Future #3 – Resilient Landscapes

Imagine it is the year 2034. Reflect on how we got to the future described below. To participate, select “Give Input to Future(s).” (Note: When answering the questions, please imagine and envision ‘how could we get here?’ We want to understand the series of events that could lead to that future.)

FUTURE STATE: The public is increasingly confident in the abilities of the Federal wildland fire management community to protect lives, homes, and resources, and supports proactive wildland fire management. Prescribed burns are a readily accepted practice and have resulted in more resilient landscapes and lesser fuel loads. Public health and smoke issues are lower due to a selective approach to prescribed burns (e.g., in the winter season) that reduces ozone impacts and particulate matter in the air.

  • Required: What trends, events, or shocks (i.e. unexpected occurrences with major implications) could drive us to this future?
  • Optional: What changes to strategy, organizational structure, capabilities, and infrastructure would be necessary to address the future we are facing?
  • Optional:What information could help mitigate the risks presented by this future?
  • Optional:What information could help capitalize on opportunities presented by this future?
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Future #3 – Resilient Landscapes

Real Change is Possible

* Dept. of Education required the ecological benefits of fire to be part of the science core curriculum K – 12. * Universities added requirement to their undergraduate core curriculum that required credits in an environmental awareness or ecosystem management course that recognized fire’s role and benefits across our landscapes. * Corporations have adopted landscapes by funding and promoting positive ecological benefits ...more »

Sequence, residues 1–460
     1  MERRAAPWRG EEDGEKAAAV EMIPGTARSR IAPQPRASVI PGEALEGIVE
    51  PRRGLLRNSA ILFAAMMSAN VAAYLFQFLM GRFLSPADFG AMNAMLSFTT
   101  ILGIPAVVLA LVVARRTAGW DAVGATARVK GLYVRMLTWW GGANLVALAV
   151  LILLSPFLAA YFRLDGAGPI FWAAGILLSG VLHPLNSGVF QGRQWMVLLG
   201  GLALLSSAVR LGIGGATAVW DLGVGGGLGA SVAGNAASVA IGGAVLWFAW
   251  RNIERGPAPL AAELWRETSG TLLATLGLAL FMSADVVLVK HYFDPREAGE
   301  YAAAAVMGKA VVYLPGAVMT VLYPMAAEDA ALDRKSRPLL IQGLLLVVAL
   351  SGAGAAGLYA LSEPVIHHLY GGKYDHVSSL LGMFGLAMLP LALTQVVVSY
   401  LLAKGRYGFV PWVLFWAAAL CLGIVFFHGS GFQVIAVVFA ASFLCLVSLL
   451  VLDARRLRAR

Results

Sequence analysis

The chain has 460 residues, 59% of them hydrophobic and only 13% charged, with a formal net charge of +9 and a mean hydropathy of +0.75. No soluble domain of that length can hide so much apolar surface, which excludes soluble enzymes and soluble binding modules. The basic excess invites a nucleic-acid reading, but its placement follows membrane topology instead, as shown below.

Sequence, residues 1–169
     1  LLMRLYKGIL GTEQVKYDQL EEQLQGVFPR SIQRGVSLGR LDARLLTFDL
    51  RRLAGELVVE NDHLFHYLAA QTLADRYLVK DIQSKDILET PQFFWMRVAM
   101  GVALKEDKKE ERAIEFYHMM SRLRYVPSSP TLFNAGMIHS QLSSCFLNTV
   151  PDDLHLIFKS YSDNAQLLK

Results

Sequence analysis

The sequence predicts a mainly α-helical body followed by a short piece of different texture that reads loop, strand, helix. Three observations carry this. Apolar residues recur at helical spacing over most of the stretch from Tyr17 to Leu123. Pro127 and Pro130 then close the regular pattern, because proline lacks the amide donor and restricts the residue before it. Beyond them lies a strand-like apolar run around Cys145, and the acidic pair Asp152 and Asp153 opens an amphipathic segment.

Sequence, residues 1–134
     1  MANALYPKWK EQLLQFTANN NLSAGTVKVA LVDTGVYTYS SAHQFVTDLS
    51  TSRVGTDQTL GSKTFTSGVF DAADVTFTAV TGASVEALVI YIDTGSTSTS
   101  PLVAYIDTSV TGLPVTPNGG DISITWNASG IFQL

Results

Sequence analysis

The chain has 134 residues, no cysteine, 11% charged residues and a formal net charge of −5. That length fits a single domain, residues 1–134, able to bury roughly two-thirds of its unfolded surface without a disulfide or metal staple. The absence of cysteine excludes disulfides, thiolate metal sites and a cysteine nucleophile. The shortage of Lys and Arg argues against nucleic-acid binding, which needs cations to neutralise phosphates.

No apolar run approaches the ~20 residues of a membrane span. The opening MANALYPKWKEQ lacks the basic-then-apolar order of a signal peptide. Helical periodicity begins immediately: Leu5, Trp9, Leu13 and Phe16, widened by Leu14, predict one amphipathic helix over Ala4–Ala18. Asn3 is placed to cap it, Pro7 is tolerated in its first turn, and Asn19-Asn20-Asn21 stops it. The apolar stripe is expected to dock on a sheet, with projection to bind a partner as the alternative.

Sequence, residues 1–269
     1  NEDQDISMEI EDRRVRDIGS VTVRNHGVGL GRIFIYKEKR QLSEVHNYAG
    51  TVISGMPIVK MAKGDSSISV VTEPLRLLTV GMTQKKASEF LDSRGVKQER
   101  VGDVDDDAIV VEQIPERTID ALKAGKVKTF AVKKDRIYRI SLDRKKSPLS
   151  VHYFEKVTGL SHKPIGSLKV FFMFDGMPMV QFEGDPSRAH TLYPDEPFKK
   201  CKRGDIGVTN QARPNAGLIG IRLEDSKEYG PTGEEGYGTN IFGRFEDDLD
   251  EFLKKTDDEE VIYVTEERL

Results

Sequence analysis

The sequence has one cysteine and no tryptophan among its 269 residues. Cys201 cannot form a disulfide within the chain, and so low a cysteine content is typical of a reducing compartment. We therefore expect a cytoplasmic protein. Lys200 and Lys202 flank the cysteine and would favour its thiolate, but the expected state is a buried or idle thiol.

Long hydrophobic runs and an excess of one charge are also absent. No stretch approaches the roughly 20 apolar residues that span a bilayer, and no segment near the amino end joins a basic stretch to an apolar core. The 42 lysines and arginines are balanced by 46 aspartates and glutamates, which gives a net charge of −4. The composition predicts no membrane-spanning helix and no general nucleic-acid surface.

Submitted by (@iadtthmifm)

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Future #3 – Resilient Landscapes

Adaptive Management

The lack of active management of our federal resources has led to continued overstocked stands with excessive rule loadings. This has exacerbated the problem due to loss of forest infrastructure as a cost effective means of addressing the issue while providing economic and employment opportunities for rural communities

Submitted by (@jim.erickson)

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Future #3 – Resilient Landscapes

"Climate Change"

A 25 year drought cycle started in 1996. If this cycle continues as predicted, a 25 year "wet cycle" should start in 2021. This in itself will result in fewer "mega-fires". What this means for fire agencies is, the time to take advantage of current "teachable moments" from the historical fires of 2011 will start diminishing. As the climate starts to abate during the anticipated "wet cycle", it will become increasingly ...more »

Submitted by (@lmcneely)

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Future #3 – Resilient Landscapes

Healthy Future

- The agencies got wiser and more serious about educating the public and Congress for the long-term, rather than focusing on year-to-year funding issues. - Agencies engaged all sectors of society in supporting activities which lead to this healthy, rationale future. - Educated and every more vocal public began demanding more "fire prevention" (i.e. Rx fire) to check fire danger, perhaps even staging protests upon Congress, ...more »

Submitted by (@karenmiranda)

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